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Money from penalties in child labour cases should be used for child welfare: Nishit Kumar

Interview with head of communication and strategic initiatives at Childline India Foundation

Ranjita Ganesan 

The Union cabinet recently approved changes to the Child Labour (Prohibition and Regulation) Act that, among other things, would provide for banning the employment of children below 14 years in hazardous industries but would not in certain non-hazardous industries such as entertainment and family enterprises. Nishit Kumar, head of communication and strategic initiatives at Childline India Foundation, speaks to Ranjita Ganesan about the implications of the changes

What are the positive and negative aspects of the changes to the Act?

One good aspect of this change is that children up to the age of 18 will not be allowed to work in hazardous industries. The ban on allowing children under the age of 14 to work is what we have been seeking all along. All children must study at least till Class X for India to achieve its demographic dividend.

But where this 14-year age limit comes from is unclear. The age bar does not reflect the reality of our current education system. When the Constitution was adopted in 1949, children started Class I at the age of four and took 11 years to matriculate. But in the mid-70s, India shifted to the 10+2+3 system and thus, there is no basis for 14 years of education now. No other major legal provision has this age definition: Guardians and Wards Act, Majority Act or the Transport Act. This age limit first appeared in the Child Labour (Prohibition and Regulation) Act in 1986. Later, the Right to Education Act was introduced in 2009. During this time, legislators should have recognised the change in our education system, which made it impossible to complete Class X by 14. There was a chance to rectify that but the change has not been incorporated.

Children would be allowed to work in non-hazardous family enterprises but only after school and during vacations. Will this caveat be enough precaution?

The current law allows non-hazardous work provided it is done after school or during vacations. How will we interpret this definition on the ground? Suppose a child is 14 years old and studies two hours in night school and works 14 hours making bangles. Is that acceptable? The term "family enterprises" also has issues - for instance, the household help will say this is a family business, my mother and grandmother all have been sweeping. What is the definition? Is it restricted to specific industries? This is whitewash and millions could be put to work. It could also be a huge setback to girl children who could be pulled out of school early.

How has the Act been misused previously?

At the Kala Ghoda arts festival in Mumbai recently, I saw an ice-cream stall where a child of not more than 8 years was scraping ice. I introduced myself to the man running the cart and said I would call the cops. He said the child went to school and was only helping because he wanted to be at the festival. Sometimes, they will say a boy is 15 years old. You need a bone density test to determine the real age but that can be off the mark too.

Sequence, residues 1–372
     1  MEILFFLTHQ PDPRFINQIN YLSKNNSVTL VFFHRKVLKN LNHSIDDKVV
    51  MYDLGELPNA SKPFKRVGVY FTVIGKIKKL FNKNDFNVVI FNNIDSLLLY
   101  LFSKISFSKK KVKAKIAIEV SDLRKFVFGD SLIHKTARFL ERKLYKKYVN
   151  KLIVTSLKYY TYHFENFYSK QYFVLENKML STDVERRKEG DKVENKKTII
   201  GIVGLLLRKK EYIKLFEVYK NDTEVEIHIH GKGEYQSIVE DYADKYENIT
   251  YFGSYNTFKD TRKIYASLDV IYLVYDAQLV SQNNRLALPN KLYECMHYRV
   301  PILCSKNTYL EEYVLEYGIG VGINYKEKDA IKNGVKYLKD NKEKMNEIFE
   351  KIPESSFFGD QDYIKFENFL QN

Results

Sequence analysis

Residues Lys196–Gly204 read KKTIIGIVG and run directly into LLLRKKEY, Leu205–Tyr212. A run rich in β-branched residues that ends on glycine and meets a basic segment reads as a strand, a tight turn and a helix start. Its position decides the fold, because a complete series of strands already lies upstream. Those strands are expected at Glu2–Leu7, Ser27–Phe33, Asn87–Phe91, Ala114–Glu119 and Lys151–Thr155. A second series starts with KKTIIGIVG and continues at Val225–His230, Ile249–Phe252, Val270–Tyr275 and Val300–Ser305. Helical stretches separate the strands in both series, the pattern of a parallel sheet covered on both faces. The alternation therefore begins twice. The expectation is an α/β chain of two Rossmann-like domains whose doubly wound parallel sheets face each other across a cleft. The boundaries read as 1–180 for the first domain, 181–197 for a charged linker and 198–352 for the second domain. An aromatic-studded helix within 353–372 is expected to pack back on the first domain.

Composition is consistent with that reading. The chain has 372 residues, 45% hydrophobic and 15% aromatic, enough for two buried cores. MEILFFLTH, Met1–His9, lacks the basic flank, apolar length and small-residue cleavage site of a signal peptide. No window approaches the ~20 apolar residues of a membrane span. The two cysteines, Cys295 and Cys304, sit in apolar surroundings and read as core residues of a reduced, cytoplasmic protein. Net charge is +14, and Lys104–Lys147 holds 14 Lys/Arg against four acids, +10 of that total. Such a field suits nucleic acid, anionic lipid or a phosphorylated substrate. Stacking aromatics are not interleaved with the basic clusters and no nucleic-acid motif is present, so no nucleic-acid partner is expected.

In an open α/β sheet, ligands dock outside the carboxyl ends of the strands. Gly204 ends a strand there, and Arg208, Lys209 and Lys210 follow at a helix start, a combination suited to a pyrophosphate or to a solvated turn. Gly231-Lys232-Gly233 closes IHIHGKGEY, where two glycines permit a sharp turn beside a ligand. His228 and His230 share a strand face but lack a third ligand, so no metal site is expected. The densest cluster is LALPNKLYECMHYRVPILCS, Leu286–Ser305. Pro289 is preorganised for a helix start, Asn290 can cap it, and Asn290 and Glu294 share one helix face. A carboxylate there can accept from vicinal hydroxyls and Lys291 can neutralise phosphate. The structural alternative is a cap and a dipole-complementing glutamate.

Some feel this could lead to more child labour in the farm sector? Your view?

Even in the issue of children up to 18 years, have they listed agriculture or working with pesticides and insecticides as hazardous? In the fields of Kerala, Endosulfan is used. This can cause diseases like Alzheimer's. Children are sent out to spray it in the mistaken belief that they can't contract the disease. That is not called hazardous but working in a tea-shop is. Meet any senior police inspector and ask for a cup of tea. It will be brought in by a small child with cups in a steel holder. Why is Mumbai Police allowing children to deliver tea? They laugh at us if we say it is a hazardous industry.

Will the higher penalty for employers be an effective deterrent?

Firstly, why should the Labour Department handle penalties? Its primary role in India is to make sure maximum people work. Should the penalties not be with the child welfare committees instead? It doesn't make sense. Maharashtra is among the top five states in terms of economic growth. Childline has done thousands of rescues and in each case, they have taken Rs 20,000 as fine from the employer but not a single paisa has been sent t rehabilitate of the child. Our contention is when you are levying penalties, it is not just a question of increasing the amount but that it should go to the child welfare committee.

What reforms were you expecting? What changes would you recommend?

In some occupations, especially those that are excluded from the hazardous industries, we need a regulated atmosphere. Mumbai is home of the advertising industry. If you see how advertisements are shot, it happens at 10 or 11 pm or 2 am. Parents of child actors say they are accompanying the children but in reality, it is the greed of the parent to get money. The child is a minor, below 18 years and so doesn't get the money. This should be strictly done in non-school hours, in daytime and for a maximum of two hours a day only.

First Published: Sat, May 16 2015. 20:53 IST